Windows Virtual PC Help
Applies To: Windows 7
Windows® Virtual PC is an optional component of the Windows 7 operating system that lets you run more than one operating system at the same time on one computer. One of the key benefits is that you can use Windows Virtual PC to migrate to Windows 7 while continuing to use applications that run on older versions of Windows, such as Windows XP or Windows Vista®.
Hardware requirements for Windows Virtual PC differ slightly from Windows 7. For more information about these requirements, see the Windows Virtual PC Evaluation Guide (https://go.microsoft.com/fwlink/?LinkId=140338). We recommend that you review the requirements before you try to install Windows Virtual PC because the computer must be configured correctly to install the component.
Windows Virtual PC basics
Windows Virtual PC enables you to run more than one operating system at a time on one computer by providing a virtualization environment. This environment uses virtual machines, each of which is like a separate physical computer. Each virtual machine emulates a physical computer and can run one 32-bit operating system, which is called a guest operating system. The physical computer and the Windows 7 operating system that runs directly on the computer (instead of in a virtual machine) together are called the host. This instance of Windows 7 is sometimes called the host operating system.
Windows Virtual PC offers two basic ways for you to interact with this virtual environment. You can:
Use applications directly from the host when those applications are actually installed in the guest operating system. This is useful when you just want to run these older applications and you do not need to interact with the guest operating system. When you use this option, the virtual machine environment is essentially hidden. The applications are called virtual applications and are available from the Start menu of the host. This option is supported for specific versions of Windows (which require an update) and is suited for business applications. For more information, see Publish and use virtual applications.
Interact directly with the guest operating system and the virtual machine. You can view the desktop of the guest operating system from a window, called the virtual machine window—or in full desktop mode, which is similar to a Remote Desktop client session. This is useful if you want to interact with the guest operating system. For example, you might do this to reproduce a scenario for troubleshooting or support purposes.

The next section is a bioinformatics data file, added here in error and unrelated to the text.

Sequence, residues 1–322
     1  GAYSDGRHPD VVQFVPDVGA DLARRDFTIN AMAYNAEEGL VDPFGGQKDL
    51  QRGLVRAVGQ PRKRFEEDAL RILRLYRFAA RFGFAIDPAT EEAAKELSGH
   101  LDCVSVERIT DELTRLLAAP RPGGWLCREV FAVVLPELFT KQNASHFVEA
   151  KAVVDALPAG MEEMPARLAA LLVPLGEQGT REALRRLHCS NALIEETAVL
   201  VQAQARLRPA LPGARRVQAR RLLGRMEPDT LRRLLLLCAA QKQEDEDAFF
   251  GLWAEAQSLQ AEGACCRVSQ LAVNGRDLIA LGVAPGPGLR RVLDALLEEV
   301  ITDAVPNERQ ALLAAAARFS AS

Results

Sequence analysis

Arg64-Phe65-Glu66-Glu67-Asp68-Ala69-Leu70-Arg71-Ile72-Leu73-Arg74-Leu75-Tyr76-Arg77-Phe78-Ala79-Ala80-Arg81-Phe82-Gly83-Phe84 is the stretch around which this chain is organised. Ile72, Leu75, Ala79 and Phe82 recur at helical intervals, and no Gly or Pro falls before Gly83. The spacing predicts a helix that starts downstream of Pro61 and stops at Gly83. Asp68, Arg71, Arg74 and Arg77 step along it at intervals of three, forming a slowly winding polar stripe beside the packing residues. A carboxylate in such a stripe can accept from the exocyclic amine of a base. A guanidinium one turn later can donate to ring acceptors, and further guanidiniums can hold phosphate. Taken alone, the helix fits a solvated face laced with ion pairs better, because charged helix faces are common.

In either case, you will need a virtual machine. Your options are:
Set up Windows XP Mode. This option creates a preconfigured virtual machine with Windows XP Service Pack 3 (SP3) already installed. After an easy set up, this environment is ready for you to customize with your own applications. Windows XP Mode is available for the 32-bit and 64-bit editions of Windows 7 Professional, Windows 7 Enterprise, and Windows 7 Ultimate. For more information, see Configuring and using Windows XP Mode.
Set up your own virtual machine. To do this, you create a virtual machine and install the guest operating system yourself. This option is useful if you do not want to run Windows XP SP3, or if you are using a version of Windows 7 for which Windows XP Mode is not available. For instructions, see Create a virtual machine and install a guest operating system. For information about the operating systems that are supported for use with Windows Virtual PC, see the Windows Virtual PC home page (https://go.microsoft.com/fwlink/?LinkId=148103).
Windows XP Mode is the faster method because it requires fewer steps.
One of the benefits of using a virtual machine is that you can change the hardware faster and more easily than on a physical computer. For example, to add or remove a network adapter or change the amount of memory, you shut down the virtual machine and modify a setting. There is no need to open a computer case. For more information, see Configuring a virtual machine.
Windows Virtual PC includes the Integration Components package, which provides features that improve the integration between the virtual environment and the physical computer. For more information, see About integration features.
Using a virtual machine
About virtual hard disks
Modify a virtual hard disk
Troubleshooting Windows Virtual PC
Resources for Windows Virtual PC
Remove Windows XP Mode, virtual machines, or Windows Virtual PC